Synopsis: After learning his terminally ill wife has six months to live, a man welcomes the support of his best friend who moves into their home to help out.
Stars: Casey Affleck, Dakota Johnson, Jason Segel, Gwendoline Christie, Cherry Jones, Ahna O’Reilly, Jake Owen, Denée Benton, Marielle Scott, Isabella Kai Rice, Violet McGraw, Michael Papajohn
Director: Gabriela Cowperthwaite
Running Length: 124 minutes
TMMM Score: (8/10)
Review: As we kick off a new year here and cross our fingers that 2021 will signal the start of better things to come, I’m also looking forward to movies getting back to business and releasing some titles that have been hovering around in limbo for a while. Sure, there are the blockbuster properties that keep getting pushed back (the latest James Bond film No Time to Die just moved its arrival date yet again, this time to October 2021) or released directly to on demand/subscription streaming (Wonder Woman 1984) but then there are the more niche movies that showed up at film festivals in late 2019/early 2020. Some of these may have had a distributor lined up that fell through when the pandemic hit or are going through their own release date shifts on a smaller scale.
Debuting at the Toronto International Film Festival in September of 2019 when it was still called The Friend, the new drama Our Friend is one of those movies that has gotten lost on its way to a general release but is finally seeing the light of day. Now, for some reason the delays and distributor shifts have cast a small cloud of strangely bad press over the film and that’s unfortunate because Our Friend signals the return of two important things that have been missing from movies for a few years. The first is Jason Segel’s welcome appearance after a small hiatus and the second is the true-blue five hankie weepie that seemed to go out of fashion in the mid ‘90s. Both are reason enough to cheer on this solid effort but it’s richly rewarding in other areas as well.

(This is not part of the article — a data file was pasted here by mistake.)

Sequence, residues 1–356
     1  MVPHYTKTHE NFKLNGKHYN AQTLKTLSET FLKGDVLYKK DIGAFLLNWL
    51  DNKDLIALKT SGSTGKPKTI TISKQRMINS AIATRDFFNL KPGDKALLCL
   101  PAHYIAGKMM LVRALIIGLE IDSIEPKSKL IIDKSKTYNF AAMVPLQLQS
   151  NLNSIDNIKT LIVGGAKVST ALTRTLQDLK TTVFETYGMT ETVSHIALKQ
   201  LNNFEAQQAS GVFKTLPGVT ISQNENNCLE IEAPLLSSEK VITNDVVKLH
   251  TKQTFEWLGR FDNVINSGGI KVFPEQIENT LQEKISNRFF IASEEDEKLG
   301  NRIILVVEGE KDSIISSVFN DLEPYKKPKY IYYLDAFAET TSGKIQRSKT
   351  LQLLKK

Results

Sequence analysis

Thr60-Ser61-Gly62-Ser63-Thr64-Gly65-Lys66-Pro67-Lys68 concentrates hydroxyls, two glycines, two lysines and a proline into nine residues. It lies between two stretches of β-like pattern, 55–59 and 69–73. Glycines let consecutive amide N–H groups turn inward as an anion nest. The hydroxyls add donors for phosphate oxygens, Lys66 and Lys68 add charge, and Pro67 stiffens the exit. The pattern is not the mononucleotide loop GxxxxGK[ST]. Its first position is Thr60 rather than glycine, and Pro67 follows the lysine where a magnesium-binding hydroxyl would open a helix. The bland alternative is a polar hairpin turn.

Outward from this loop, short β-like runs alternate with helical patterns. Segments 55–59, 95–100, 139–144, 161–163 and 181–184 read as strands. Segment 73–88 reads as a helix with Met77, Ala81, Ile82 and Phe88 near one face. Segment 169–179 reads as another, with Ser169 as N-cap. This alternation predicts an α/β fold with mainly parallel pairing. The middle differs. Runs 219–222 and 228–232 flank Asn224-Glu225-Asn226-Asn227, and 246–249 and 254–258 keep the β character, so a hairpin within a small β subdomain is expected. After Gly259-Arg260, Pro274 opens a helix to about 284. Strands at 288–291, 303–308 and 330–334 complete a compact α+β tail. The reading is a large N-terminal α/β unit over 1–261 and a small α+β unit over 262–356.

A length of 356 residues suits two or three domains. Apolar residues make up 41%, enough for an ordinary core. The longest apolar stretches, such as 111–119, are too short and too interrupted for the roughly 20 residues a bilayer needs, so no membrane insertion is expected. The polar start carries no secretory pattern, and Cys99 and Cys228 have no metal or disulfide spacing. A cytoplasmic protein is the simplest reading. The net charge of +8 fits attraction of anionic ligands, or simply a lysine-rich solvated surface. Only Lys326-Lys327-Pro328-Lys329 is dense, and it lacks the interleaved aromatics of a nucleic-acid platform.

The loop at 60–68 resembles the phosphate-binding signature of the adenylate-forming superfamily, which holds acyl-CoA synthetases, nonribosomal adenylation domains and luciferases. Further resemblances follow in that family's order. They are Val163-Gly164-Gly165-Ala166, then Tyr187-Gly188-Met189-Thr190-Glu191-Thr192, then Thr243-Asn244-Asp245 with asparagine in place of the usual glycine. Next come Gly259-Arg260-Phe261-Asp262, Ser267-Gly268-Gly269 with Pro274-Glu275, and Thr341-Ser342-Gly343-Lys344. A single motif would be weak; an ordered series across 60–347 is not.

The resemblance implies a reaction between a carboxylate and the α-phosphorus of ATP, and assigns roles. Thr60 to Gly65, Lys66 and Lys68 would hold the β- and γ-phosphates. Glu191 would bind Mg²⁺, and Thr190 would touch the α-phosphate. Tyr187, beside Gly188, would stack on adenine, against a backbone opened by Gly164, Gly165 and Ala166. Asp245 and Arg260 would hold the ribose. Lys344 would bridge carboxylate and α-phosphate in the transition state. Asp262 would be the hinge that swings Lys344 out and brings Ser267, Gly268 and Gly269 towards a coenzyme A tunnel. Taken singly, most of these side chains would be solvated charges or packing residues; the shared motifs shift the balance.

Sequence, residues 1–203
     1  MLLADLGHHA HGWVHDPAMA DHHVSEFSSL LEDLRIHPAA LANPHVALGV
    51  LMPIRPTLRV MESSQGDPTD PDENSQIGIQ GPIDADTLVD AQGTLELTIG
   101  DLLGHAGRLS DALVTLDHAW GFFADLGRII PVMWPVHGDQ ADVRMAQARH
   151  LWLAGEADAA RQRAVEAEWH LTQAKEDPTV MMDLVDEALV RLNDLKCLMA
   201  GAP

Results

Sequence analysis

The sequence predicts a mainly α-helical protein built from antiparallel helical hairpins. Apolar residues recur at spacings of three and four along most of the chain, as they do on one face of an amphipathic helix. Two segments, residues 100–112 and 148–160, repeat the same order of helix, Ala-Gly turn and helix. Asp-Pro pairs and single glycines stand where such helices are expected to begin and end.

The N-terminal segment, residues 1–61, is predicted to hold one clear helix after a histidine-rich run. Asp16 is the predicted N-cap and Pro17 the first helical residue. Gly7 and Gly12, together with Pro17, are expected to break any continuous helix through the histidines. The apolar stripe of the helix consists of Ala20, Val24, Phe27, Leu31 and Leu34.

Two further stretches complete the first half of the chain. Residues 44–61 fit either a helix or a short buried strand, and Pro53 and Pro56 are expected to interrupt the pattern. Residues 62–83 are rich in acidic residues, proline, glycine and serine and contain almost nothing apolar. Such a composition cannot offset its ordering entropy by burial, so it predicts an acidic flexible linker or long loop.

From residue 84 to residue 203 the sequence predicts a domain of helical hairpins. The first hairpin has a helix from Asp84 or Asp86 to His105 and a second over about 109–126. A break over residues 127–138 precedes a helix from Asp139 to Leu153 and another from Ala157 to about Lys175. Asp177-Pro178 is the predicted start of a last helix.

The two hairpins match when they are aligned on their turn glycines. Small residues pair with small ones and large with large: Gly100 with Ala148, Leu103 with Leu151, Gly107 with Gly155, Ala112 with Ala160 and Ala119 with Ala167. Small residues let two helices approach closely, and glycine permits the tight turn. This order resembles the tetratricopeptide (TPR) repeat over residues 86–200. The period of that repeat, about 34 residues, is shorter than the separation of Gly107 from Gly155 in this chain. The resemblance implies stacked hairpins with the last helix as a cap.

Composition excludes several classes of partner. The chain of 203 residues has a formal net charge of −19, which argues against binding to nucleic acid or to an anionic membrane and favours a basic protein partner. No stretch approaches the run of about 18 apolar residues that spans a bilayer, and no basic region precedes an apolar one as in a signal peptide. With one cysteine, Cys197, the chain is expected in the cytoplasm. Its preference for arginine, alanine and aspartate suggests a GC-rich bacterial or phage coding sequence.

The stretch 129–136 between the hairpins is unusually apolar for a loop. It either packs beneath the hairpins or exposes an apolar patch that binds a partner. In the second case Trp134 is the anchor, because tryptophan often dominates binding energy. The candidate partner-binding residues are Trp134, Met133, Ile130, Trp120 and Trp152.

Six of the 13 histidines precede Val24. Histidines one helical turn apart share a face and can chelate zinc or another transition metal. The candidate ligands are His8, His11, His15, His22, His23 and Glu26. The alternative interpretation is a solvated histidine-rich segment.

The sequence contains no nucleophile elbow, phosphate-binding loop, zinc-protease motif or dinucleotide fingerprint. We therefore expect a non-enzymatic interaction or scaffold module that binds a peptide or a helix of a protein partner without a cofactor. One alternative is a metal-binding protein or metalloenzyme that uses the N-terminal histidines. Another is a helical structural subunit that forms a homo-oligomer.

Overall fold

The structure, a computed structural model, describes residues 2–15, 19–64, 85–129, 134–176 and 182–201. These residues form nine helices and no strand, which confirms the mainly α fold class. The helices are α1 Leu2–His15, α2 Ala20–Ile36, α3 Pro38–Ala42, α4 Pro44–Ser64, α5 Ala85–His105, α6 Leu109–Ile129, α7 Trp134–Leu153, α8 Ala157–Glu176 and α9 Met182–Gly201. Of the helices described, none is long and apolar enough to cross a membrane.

Based on Matthew Teague’s article in the May 2015 issue of Esquire magazine (read it here, but it does contain spoilers from the movie), Our Friend tests your mettle within the first five minutes, almost as a way to prime you for the next two hours to see if you’ll break easy or if you’ll need an extra dose of sorrow to get those tear ducts flowing. Nicole Teague (Dakota Johnson, Suspiria) has been diagnosed with ovarian cancer and given a limited amount of time to live. Her journalist/author husband Matthew (Casey Affleck, The Old Man & the Gun) is at-first ill-prepared to deal with the enormous responsibility of caring for their two young children as well as his increasingly fragile wife while staying afloat personally and professionally. That’s where Dane Faucheux (Segel, Jeff, Who Lives at Home) comes in.
A friend from Nicole’s theater days (she was a semi-professional actress, he was on the tech side), Dane steps away from his life, his job, and a budding relationship to live with the Teague’s, eventually staying for the duration of Nicole’s illness. While he’s a bit of a schlub, he’s the perfect breath of fresh air the household needs, especially the daughters that aren’t aware of the severity of their mother’s illness and who are growing to recognize their resentment toward their father for his absence earlier in their lives when he was often traveling internationally for work. Isolated once well-meaning friends have moved on with their own lives, the job of caregivers falls to Matt and Dane exclusively. Through this time together, the men form a stronger bond over the love they both have, in different ways, for Nicole and learn how to care for her individually and as a unit with the aid of a professional nurse that arrives at just the right moment (Cherry Jones, Boy Erased) so her final days are as full and memorable as possible.